Watch: Where does Opendoor go from here? Breaking down iBuying with Mike DelPrete

Opendoor co-founder Eric Wu stepped down as CEO of the iBuying giant on Thursday, after a year of staggering losses — $928 million in the third quarter alone — and existential doubts about the model, which captured the imagination of venture investors and rattled agents, but has yet to pan out financially. Opendoor’s stock is in the gutter — under $2 a share — and its market cap has fallen from about $18 billion at its peak to just over $1 billion today.

Opendoor, to me, is one of the companies that best epitomizes a thesis I’m obsessed with: the home as a commodity — turning the biggest asset in most Americans’ lives into a standardized, tradeable holding. The company’s challenges speak to the immense complexity of transforming the way that we buy, sell and finance homes.

To help break down what Wu’s resignation means and where iBuying stands today, I reached out to Mike DelPrete, a residential real estate strategist whose columns and analyses of the iBuying space have been required reading.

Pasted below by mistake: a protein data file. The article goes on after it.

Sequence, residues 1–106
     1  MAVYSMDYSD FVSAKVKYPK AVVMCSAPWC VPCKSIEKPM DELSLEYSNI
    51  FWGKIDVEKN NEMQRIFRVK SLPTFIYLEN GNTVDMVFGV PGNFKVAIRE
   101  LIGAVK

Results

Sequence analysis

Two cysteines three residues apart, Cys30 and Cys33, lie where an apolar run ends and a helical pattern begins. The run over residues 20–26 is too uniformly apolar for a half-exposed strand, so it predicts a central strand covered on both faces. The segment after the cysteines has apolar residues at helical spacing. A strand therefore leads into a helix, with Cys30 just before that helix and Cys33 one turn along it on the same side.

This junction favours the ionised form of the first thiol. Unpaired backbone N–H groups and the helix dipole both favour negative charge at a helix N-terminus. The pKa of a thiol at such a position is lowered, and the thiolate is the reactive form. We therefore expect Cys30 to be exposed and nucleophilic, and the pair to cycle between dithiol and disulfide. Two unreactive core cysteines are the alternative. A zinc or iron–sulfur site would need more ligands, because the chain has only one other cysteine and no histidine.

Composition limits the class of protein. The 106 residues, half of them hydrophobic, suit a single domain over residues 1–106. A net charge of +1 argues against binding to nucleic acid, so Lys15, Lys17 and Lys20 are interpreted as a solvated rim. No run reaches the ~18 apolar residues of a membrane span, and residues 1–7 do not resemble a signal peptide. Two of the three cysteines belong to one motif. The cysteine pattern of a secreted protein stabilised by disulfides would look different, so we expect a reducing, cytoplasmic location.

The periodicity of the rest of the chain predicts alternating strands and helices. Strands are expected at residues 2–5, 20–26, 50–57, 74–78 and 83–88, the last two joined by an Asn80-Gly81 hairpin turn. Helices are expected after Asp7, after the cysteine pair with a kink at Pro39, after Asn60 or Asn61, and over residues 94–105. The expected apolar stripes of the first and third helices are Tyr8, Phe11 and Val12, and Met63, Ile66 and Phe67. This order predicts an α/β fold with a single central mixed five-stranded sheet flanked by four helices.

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“iBuying was designed with recessions in mind and cooling housing markets in mind,” he said in a conversation with me Friday. “Like, no problem. But a global pandemic, not so much. What the effect that that has had on the real estate market over the past two years has just been insanity.”

Though the financial opportunity in disrupting residential real estate is massive, the challenges might be even bigger. “Of everything in the world, that’s got to be the hardest thing to commoditize — I’d put that last on my list of industries that are going to get disrupted really quick with technology,” DelPrete said. “There’s more people using agents now than ever before.”

Watch the conversation above, and read more iBuying coverage from TRD here.

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